Monday, November 10, 2008

Can Money Get You Into Heaven?

Today is the anniversary of Martin Luther’s birthday.

Why is this important?

To get to the point: Martin Luther, considered the “Father of Protestantism,” is the guy who made it impossible for us to pay our way into heaven.

In 1517, he wrote “Disputation of Martin Luther on the Power and Efficacy of Indulgences.” Indulgences were payments made to the Roman Catholic Church in lieu of doing good works (or, in some cases, living a good life) to receive blessings…and…essentially…to get into heaven.

Luther believed that only God could declare a sinner righteous. So, he wrote that the Roman Catholic Church did not have the power to grant the ultimate Get Out of Jail card; and if they didn’t have the power in the first place, they sure couldn’t charge for it. He believed that living a life of good works and faith was what gets us into the ether of 24-hour buffets, no worries about money, and the Tar Heels winning EVERY football game by 30 points. Heaven!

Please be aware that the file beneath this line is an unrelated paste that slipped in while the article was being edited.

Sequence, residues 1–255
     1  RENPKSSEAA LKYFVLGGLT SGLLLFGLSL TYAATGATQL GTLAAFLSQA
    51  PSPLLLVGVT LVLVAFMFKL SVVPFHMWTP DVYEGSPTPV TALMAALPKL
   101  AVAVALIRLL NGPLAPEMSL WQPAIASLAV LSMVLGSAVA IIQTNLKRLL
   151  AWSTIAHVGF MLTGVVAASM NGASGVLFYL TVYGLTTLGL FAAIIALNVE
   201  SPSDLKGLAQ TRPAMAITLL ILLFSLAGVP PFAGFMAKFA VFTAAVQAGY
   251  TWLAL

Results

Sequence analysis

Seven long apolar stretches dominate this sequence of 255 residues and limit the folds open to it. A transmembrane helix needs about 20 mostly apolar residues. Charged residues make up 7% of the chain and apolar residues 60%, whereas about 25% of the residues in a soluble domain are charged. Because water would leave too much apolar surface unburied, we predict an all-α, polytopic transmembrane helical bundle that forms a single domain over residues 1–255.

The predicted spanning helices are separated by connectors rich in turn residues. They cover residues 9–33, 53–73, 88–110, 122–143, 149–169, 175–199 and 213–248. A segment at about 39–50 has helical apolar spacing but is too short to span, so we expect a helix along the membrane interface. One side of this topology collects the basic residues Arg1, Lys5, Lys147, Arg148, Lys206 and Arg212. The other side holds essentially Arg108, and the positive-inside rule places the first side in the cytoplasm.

Now, what in the name of all that is sacred on Monday does this have to do with having a Perfect Workday?

Here's what I think: There’s got to be a day when all the dopes who got us into the financial mess we are experiencing come to the realization that their golden parachutes won’t get them into the Eternal Easy. And, in their sleep, they will see the faces of all the people whose retirements have been aborted, whose homes have been foreclosed, and whose financial lives have been ruined.

If newspapers, TV stations, and news blogs REALLY want to help during this tough time they will start publishing and airing the names, pictures, and addresses of some of the politicians, bankers, hedgefund managers, and real estate moguls who got us into this mess.

My Perfect Monday Workday would start with Good Morning America on location in Times Square with a lineup of those folks grabbing their ankles and someone the size of Carolina Panther’s Defensive End Julius Peppers standing behind them with a canoe paddle.


Thank you, Sir…may I have another?

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